In a conversation pre-Morsi resignation/soft military coup, I mentioned my frustration with the perceived dichotomy of the situation – military takeover or Morsi’s continued abuse of powers as seen by many Egyptian citizens.
“It’s as if the world has forgotten to look for the third way,” I said, and it is a thought that has been hanging around my brain ever since.
It was augmented when a friend shared a link to this NYT story on Oregon’s agreement to pilot a new way of funding higher education. It is a third way.
When I suggest the third way, I don’t mean to limit things to three possibilities, but to work against the idea that, when two options have presented themselves, we stop looking for others.
It’s akin to the lessons I tried to help my eighth grade students learn when they were starting to write persuasive essays. After deciding to write in response to a given prompt, the students would talk out their thinking regarding their stances on the issue. “Well,” someone would say, “I think I’m for it,” while another student across the room would announce that she was against whatever topic was up for debate. Then, they decided they were ready to start their planning of their argument.
I stood back.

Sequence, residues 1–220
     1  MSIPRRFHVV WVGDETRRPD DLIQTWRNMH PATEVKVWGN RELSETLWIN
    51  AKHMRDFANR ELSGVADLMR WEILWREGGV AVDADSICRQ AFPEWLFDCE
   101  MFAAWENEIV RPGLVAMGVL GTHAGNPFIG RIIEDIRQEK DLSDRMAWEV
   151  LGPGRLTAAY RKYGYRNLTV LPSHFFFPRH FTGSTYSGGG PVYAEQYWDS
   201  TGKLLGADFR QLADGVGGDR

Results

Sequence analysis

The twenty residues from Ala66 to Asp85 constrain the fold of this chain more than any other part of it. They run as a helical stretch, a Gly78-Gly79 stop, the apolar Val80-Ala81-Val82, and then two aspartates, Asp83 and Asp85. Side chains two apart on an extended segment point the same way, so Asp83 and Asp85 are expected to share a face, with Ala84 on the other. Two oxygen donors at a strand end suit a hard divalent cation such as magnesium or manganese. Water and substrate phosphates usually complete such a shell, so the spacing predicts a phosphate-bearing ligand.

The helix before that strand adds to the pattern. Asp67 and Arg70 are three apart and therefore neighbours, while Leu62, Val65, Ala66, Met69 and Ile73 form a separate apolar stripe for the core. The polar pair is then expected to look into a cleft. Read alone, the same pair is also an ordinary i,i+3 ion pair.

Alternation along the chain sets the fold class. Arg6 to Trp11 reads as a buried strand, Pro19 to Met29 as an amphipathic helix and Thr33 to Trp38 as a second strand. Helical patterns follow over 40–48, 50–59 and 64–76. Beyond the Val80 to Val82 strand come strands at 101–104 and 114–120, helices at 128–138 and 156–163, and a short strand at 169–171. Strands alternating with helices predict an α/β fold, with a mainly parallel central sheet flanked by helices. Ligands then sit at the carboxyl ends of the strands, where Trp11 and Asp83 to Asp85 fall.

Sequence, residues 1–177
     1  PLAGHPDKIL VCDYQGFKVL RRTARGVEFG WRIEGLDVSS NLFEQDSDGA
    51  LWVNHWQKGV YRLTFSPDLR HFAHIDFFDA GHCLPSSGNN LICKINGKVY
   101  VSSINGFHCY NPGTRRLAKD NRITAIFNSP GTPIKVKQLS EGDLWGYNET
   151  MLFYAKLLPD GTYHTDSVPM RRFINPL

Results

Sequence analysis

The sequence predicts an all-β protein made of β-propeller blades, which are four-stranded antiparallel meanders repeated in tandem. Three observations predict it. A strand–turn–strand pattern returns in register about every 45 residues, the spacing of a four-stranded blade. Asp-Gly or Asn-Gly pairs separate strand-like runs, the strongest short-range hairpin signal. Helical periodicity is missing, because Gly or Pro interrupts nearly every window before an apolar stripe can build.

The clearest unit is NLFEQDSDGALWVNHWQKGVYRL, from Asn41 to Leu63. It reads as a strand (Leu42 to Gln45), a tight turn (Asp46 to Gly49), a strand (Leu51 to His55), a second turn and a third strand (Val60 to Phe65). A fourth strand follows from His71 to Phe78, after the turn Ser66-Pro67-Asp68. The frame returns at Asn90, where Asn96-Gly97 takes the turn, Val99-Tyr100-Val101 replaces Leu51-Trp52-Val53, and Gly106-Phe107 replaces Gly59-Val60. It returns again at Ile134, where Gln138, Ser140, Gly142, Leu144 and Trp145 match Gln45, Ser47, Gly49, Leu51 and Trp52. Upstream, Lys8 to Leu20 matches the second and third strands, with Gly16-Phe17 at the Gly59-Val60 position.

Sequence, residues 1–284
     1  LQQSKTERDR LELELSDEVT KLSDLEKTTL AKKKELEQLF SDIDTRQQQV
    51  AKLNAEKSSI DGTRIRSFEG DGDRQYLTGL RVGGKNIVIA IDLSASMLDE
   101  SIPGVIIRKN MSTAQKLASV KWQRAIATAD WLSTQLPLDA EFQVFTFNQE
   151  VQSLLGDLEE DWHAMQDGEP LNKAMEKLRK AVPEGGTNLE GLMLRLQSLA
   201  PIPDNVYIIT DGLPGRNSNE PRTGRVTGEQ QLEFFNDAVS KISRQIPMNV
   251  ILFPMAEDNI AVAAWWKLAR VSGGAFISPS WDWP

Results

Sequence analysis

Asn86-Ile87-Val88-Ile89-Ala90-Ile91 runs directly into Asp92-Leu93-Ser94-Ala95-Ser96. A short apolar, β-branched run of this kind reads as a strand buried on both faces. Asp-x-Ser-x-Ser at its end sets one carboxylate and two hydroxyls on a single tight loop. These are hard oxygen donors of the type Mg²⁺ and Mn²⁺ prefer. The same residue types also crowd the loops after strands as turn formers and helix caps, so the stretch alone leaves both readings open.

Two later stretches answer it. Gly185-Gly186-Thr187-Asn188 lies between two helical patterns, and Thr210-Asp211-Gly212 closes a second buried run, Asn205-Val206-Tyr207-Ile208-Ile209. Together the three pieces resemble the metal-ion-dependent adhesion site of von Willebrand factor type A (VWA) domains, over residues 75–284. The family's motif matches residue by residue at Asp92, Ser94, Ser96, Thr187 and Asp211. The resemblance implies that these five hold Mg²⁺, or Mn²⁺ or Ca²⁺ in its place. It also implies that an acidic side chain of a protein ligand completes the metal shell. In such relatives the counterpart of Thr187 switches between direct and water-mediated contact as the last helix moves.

A few minutes passed.
“Mr. Chase,” said one voice or another, “I’m trying to plan my argument, and I keep coming up with reasons why this is a good idea, but I’m arguing that it’s not.” The student would look over to me chagrinned, sure that the only option would be to switch sides, since the evidence was mounting over there.
“What if you acknowledged that the idea isn’t all bad?” I’d ask, “And, make the argument that your side is the better of the two.”
Usually with some coaxing, the student would agree to attempt this line of reasoning.
The best moments, though, were the students who sat confounded for several minutes, notes scratched all over their papers. “I keep thinking about it,” they would say, “and I don’t think either of these sides is the right way to go.”
“Do you have a better idea,” I’d ask.
“I think so.”
“Then, write that.”
These are the students I wish we were looking to more as models of the debates we wage over the important issues of our time. They are the ones who give themselves the space to lean back in their chairs, consider the information in front of them and decide they’d like to try to find a path different than those laid out for them by others.
Robert Frost may have seen two roads diverging in the woods, and that’s largely the basis for much of our contemporary policy decisions. What’s necessary though, is re-writing Frost and choosing the road not yet seen.
That will make all the difference.